Documentation of my project ERRATUM®, currently showing at HeRo Gallery in Amsterdam. The group exhibition 'Market Forces’ includes work by Atelier van Lieshout / Aukje Dekker / Ceel Mogami de Haas / Claire Fontaine / David Birkin & Mariam Ghani / Desiree Dolron / DIS / Ed Fornieles / Gabriele Beveridge / Guillaume Paris / Jake & Dinos Chapman / Jeremy Hutchison / Keith Coventry / Leo Fitzmaurice / Martha Rosler / Michael Pybus / Tony Heywood & Alison Condie / Wayne Horse / Yoan Mudry "Market Forces is a group show of work that variously critiques and co-opts the techniques of mass-markets, often succeeding in both at once. The exhibition comprises both historical and recent work, mapping out creative responses to the steady intensification of consumer culture engendered by the dominance of neoliberalism from the 1980’s onwards. Opening the exhibition are artists who have faced and responded to this trend from early in their trajectories, with works like: Martha Rosler Reads Vogue (1981), the artist’s seminal deconstruction of the magazine’s iconography, Untitled (1988), Atelier van Lieshout’s sculptural appropriation of beer cases and various examples from Guillaume Paris’ critical examination of commodity culture from the 1980’s onwards. The exhibition’s narrative arc brings us to a present where younger artists derive their vocabulary from within a landscape of consumption. Whether as adaptive mechanisms or underhand critiques, their works are articulated in the spectacle’s very language: DIS’s Thinkspiration (2016), an ironic conflation of philosophy and brand culture, Gabriele Beveridge’s elegant manipulations of retail aesthetics and Ed Fornieles’ insidious Finiliar series, which makes use of the latest devices in empathically focused, corporate marketing strategies. A central question haunts the exhibition and the works within it: In which forms and in what kinds of spaces can art exist, when the realm of self-fulfillment has been so ruthlessly colonized by consumer culture?" Market Forces was curated by Nick Hackworth, Creative Director of Modern Forms, a London based art collection and platform. www.erratum.co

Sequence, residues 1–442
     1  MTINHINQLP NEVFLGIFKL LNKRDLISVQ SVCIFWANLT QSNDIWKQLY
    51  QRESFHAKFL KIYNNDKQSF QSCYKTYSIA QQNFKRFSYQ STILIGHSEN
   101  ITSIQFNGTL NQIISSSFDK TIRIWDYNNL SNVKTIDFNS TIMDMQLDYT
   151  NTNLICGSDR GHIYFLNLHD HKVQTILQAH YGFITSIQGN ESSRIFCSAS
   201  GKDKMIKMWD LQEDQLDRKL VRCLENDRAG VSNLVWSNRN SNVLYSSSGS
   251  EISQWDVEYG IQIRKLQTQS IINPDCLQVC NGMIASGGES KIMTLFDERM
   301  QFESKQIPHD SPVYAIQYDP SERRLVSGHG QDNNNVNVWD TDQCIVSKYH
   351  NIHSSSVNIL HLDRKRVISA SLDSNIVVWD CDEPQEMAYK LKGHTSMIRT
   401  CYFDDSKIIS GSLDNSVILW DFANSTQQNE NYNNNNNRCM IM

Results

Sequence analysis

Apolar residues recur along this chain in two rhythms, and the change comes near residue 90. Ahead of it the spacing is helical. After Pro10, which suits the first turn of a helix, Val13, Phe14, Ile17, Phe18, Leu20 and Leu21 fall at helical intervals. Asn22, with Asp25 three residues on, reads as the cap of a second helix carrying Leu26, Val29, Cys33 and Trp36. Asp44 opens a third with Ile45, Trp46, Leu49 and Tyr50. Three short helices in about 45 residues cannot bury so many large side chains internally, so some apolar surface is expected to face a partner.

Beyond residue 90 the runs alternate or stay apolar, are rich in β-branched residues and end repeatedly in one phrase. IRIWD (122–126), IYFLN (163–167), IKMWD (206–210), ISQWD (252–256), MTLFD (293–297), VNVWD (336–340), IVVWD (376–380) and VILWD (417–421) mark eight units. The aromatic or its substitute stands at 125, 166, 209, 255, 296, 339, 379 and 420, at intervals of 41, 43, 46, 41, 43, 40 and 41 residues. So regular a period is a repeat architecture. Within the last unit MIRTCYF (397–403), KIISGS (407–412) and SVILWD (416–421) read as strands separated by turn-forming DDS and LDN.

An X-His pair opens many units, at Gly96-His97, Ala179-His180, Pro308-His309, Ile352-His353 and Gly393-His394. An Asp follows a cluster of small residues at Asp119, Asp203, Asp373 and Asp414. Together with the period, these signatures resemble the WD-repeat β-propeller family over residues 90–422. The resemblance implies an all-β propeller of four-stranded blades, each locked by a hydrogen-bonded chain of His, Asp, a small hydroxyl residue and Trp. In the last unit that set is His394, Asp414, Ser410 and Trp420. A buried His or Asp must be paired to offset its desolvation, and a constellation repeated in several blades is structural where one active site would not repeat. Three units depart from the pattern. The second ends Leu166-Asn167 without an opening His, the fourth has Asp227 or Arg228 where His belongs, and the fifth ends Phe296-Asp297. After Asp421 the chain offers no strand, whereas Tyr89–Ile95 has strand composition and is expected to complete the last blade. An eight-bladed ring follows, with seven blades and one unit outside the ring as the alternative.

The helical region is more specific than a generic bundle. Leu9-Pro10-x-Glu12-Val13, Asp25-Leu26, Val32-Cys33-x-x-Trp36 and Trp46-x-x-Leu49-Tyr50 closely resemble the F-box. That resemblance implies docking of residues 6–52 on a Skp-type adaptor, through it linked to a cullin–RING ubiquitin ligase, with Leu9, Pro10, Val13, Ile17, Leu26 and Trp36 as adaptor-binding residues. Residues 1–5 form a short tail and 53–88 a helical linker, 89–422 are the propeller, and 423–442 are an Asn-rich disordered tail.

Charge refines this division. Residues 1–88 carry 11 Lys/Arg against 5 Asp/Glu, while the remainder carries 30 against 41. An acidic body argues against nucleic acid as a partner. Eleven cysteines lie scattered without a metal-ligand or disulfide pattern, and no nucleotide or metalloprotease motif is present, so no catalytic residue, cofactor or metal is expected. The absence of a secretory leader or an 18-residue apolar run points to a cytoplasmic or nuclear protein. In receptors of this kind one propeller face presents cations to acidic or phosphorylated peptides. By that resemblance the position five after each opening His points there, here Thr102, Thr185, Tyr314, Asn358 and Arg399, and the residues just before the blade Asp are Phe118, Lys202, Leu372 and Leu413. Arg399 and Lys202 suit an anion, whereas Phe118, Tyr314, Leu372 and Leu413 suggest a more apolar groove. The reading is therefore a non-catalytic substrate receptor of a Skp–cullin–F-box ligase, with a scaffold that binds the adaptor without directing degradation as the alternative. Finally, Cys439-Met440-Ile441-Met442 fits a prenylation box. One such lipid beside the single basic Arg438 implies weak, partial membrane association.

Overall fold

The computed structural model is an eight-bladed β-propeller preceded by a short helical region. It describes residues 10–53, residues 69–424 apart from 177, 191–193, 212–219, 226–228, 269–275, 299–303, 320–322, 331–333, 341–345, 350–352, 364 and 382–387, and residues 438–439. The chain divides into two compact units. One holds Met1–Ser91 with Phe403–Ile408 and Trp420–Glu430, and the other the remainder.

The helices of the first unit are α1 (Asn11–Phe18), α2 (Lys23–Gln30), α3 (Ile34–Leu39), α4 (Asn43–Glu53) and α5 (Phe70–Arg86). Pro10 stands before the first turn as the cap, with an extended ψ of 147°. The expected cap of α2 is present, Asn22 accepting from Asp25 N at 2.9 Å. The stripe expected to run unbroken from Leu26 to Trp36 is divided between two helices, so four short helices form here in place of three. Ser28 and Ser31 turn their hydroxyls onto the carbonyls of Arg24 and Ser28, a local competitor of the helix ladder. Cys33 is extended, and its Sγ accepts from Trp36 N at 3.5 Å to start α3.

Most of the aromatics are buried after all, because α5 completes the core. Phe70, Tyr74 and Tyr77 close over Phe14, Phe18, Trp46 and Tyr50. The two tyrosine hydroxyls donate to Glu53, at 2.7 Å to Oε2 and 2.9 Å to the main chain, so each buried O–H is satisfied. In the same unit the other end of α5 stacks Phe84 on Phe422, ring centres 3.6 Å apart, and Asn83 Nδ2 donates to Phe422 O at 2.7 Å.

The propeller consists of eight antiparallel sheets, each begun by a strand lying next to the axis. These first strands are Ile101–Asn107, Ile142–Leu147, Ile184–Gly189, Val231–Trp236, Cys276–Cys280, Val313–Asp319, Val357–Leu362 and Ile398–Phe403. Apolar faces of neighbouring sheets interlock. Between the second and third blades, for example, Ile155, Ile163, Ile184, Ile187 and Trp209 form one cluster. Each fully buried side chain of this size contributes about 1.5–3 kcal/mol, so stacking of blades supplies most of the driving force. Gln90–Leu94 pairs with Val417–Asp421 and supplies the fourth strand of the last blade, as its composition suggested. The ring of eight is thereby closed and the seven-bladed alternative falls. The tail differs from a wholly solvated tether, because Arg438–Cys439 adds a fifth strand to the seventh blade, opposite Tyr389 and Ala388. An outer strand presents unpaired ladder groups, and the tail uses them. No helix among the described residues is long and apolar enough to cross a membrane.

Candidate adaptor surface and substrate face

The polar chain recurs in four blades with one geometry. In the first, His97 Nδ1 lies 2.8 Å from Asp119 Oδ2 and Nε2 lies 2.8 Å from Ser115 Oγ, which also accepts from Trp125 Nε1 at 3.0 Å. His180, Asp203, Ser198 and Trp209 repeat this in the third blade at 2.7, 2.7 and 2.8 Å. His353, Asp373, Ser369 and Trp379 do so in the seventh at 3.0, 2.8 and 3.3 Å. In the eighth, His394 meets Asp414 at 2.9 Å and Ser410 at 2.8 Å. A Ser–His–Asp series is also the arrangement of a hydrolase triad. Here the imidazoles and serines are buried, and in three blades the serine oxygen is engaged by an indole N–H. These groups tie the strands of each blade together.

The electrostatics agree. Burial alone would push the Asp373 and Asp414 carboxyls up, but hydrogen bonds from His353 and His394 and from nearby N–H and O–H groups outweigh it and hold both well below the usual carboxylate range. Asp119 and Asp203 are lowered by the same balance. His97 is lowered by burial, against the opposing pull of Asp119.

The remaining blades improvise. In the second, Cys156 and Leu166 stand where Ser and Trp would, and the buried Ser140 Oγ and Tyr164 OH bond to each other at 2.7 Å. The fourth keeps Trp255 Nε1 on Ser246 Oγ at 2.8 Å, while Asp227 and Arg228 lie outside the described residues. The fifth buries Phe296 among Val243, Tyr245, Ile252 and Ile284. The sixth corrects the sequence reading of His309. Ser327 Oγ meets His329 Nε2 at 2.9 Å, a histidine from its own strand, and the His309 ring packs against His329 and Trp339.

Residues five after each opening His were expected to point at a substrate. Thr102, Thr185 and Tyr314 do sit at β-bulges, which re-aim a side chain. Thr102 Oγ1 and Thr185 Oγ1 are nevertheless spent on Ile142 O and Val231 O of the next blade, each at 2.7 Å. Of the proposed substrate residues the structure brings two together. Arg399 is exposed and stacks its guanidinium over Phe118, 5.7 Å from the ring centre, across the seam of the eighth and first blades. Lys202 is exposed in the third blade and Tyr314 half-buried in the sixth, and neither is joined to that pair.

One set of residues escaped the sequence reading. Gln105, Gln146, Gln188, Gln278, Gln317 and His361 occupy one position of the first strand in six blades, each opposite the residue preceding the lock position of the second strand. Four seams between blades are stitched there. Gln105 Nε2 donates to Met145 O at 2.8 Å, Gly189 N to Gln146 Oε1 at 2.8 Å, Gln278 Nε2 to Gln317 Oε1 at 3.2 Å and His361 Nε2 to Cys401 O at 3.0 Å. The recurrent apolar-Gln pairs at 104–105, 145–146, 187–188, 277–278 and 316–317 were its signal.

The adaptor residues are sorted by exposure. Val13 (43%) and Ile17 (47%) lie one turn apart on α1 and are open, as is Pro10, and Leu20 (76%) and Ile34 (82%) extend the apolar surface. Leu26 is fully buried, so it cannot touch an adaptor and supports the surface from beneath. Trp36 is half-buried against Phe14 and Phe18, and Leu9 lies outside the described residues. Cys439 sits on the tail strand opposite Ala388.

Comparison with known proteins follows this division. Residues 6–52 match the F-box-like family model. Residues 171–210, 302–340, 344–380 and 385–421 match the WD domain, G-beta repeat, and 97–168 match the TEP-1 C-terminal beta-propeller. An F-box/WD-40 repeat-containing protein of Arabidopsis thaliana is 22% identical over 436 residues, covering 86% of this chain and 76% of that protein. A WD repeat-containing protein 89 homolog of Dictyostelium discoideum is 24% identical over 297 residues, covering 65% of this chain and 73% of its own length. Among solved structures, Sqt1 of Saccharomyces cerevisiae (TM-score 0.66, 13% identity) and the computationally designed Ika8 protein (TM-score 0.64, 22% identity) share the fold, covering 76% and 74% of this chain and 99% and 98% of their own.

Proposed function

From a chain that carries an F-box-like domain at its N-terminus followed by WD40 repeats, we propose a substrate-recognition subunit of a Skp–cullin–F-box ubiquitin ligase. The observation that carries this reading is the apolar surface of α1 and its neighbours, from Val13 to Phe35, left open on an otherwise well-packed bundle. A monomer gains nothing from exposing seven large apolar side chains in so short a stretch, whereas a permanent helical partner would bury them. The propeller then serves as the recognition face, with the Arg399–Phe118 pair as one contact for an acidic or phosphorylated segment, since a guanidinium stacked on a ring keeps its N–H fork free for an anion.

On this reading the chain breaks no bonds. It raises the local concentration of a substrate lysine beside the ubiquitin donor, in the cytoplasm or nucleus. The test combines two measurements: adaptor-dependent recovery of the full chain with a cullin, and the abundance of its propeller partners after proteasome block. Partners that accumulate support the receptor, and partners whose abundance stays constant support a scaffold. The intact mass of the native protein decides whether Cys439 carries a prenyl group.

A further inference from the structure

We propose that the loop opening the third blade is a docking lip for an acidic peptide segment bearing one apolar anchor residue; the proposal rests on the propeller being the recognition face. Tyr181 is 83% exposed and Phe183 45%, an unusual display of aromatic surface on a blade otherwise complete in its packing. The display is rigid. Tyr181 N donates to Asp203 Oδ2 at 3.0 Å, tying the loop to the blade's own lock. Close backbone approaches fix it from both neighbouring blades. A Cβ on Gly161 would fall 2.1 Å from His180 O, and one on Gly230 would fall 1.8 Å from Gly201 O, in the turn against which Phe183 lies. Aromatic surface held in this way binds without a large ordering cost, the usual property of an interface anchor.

Tonight, 6.30pm @ BFI, London. I'm showing ‘Patent Application, 2018’: a new video as part of Tenderpixel’s screening programme. Visit their website if you’re interested - you need to book tickets...
Happy to be included in this programme, 6.30pm tomorrow at the BFI.... Come along!